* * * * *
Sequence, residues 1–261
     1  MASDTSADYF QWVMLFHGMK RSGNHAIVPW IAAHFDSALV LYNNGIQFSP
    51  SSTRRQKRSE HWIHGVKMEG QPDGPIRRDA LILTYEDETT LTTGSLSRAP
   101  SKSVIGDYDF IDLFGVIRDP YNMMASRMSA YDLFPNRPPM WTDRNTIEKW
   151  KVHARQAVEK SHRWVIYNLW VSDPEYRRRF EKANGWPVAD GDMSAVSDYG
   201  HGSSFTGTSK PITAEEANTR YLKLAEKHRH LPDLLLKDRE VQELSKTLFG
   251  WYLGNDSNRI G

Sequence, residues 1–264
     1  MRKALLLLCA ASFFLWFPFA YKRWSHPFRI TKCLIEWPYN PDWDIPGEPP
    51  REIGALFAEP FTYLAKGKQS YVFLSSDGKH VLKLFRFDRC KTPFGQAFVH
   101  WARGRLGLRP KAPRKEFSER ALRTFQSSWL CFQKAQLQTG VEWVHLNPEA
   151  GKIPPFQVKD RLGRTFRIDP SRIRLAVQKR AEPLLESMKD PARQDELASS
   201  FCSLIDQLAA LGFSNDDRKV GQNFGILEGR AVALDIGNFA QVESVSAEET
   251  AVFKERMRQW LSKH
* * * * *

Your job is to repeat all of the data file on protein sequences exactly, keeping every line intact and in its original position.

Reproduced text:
Sequence, residues 1–261
     1  MASDTSADYF QWVMLFHGMK RSGNHAIVPW IAAHFDSALV LYNNGIQFSP
    51  SSTRRQKRSE HWIHGVKMEG QPDGPIRRDA LILTYEDETT LTTGSLSRAP
   101  SKSVIGDYDF IDLFGVIRDP YNMMASRMSA YDLFPNRPPM WTDRNTIEKW
   151  KVHARQAVEK SHRWVIYNLW VSDPEYRRRF EKANGWPVAD GDMSAVSDYG
   201  HGSSFTGTSK PITAEEANTR YLKLAEKHRH LPDLLLKDRE VQELSKTLFG
   251  WYLGNDSNRI G

Sequence, residues 1–264
     1  MRKALLLLCA ASFFLWFPFA YKRWSHPFRI TKCLIEWPYN PDWDIPGEPP
    51  REIGALFAEP FTYLAKGKQS YVFLSSDGKH VLKLFRFDRC KTPFGQAFVH
   101  WARGRLGLRP KAPRKEFSER ALRTFQSSWL CFQKAQLQTG VEWVHLNPEA
   151  GKIPPFQVKD RLGRTFRIDP SRIRLAVQKR AEPLLESMKD PARQDELASS
   201  FCSLIDQLAA LGFSNDDRKV GQNFGILEGR AVALDIGNFA QVESVSAEET
   251  AVFKERMRQW LSKH